• What are possible constraints or limitations that may impact the design and development process? (method, integration with other materials, technological limitations, budget limit, timetable restrictions, teacher-training issues, or the like)

  • What are the relevant organizational policies, beliefs, or standards that need to be taken into consideration?

 

Only with all these answers staring developers in the face, can they can move on to the design phase. Otherwise, disaster is just round the corner.

 

2. Design

 

This phase can be managed by linguists with experience in course design or instructional designers, always in association with the academic manager (or team) of the school or organization, which will instruct the course curriculum. Thus, after the definition of the content, topics and materials of the course, along with possible methods and approaches to be used, expert designers can plan and organize its structure, write learning outcomes, choose types of activities, define the kind(s) of assessment to be adopted, and possibly other pedagogical strategies to create a detailed plan for the learning (and teaching!) experience. Answers to the following questions are a must.

 

  • What are the learning objectives and how aligned with the analysis findings are they?

  • What instructional strategies and methods will be most effective in helping learners achieve learning objectives?

  • How will the content be organized? What kind of impact may this have on learners and/or learning?

  • What forms of assessments will be used on the course?

  • How will the instructional materials be structured and presented to engage learners effectively?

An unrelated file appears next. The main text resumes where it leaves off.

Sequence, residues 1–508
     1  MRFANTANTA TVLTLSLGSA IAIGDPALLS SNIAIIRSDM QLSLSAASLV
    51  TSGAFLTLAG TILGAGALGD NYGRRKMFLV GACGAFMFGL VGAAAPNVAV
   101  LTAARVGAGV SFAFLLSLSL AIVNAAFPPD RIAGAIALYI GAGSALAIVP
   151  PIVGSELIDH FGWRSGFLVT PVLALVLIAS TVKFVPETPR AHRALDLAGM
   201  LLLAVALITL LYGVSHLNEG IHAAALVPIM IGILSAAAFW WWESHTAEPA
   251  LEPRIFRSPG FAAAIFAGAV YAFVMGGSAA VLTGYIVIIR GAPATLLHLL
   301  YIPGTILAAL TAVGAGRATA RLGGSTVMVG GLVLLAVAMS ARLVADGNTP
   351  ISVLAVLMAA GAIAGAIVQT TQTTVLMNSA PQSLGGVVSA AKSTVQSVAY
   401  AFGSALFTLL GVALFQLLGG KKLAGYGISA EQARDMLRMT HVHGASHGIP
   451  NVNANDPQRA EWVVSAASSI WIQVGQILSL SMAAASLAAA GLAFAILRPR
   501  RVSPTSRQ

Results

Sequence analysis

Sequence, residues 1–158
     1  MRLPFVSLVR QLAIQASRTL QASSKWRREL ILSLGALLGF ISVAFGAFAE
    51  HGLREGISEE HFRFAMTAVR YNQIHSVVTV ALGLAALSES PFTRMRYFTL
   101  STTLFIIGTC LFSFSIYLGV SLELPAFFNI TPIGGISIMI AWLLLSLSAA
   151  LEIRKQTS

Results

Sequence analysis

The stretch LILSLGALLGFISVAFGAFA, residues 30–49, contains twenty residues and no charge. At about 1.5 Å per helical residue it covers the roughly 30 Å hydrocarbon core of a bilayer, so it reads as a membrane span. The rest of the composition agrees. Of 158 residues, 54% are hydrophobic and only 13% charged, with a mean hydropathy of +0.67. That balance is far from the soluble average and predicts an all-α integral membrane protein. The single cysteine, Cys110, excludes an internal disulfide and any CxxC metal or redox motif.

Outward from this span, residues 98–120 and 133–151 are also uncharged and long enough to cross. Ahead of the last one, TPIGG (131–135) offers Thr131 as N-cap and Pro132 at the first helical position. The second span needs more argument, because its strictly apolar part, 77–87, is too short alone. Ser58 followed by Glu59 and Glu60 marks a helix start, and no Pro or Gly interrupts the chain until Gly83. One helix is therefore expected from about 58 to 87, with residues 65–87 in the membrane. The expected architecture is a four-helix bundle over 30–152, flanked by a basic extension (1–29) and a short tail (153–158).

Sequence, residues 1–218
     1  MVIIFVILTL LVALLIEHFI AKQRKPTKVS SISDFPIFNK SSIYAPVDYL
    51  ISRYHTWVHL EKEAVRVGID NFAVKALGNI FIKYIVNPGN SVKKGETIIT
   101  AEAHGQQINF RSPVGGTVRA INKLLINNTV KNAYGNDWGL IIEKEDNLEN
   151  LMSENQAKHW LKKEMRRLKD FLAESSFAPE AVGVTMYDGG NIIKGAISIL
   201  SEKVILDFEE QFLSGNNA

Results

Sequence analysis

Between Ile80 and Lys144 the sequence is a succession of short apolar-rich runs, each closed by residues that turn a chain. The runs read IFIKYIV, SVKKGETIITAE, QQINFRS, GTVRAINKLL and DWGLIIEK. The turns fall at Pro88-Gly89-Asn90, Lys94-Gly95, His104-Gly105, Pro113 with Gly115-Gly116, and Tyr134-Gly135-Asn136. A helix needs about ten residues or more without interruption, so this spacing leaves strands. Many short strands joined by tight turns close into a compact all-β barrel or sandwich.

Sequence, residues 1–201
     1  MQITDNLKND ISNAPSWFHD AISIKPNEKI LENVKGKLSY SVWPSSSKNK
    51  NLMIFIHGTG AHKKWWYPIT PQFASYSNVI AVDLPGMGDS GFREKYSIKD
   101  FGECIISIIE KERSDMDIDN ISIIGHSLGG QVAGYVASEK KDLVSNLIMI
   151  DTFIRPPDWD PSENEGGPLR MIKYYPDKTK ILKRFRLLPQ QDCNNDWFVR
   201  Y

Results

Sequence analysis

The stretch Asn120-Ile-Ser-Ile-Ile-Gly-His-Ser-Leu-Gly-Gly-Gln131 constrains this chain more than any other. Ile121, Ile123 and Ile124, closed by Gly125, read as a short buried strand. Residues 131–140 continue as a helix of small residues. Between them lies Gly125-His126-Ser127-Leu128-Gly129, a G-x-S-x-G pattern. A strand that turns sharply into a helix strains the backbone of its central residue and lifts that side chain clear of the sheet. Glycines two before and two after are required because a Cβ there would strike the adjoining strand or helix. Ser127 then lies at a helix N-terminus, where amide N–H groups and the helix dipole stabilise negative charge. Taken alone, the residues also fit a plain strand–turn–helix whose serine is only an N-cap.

• Have considerations for accessibility, diversity and inclusivity been incorporated into the design?

  • What are possible constraints or limitations that may impact the design process? (For example, are there any topics that go against the dogmas of the organization?)

  • What are the relevant organizational policies, beliefs, or standards that need to be taken into consideration? (again!)

 

This may be a time-consuming phase, but it is vital in the sense that it will instruct - and hopefully shorten - the next ones and be the basis of the training that all players involved need to undergo before the development takes place.

 

If this content was helpful, do share your thoughts and questions! I will be glad to refer to them as I write the second half of this article.

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2 Comments


Guest
Apr 21

Answering each question in the Analysis and Design phases is certainly time consuming. The questions do however, make it imperative we know more clearly what standards/dogmas/principles/learning outcomes apply specifically to our teaching context.

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Replying to

Thank you for your comment! I couldn't agree more. I suppose, however, this is time well spent, as it will probably save players a lot of redoing (and headache) later. 🤙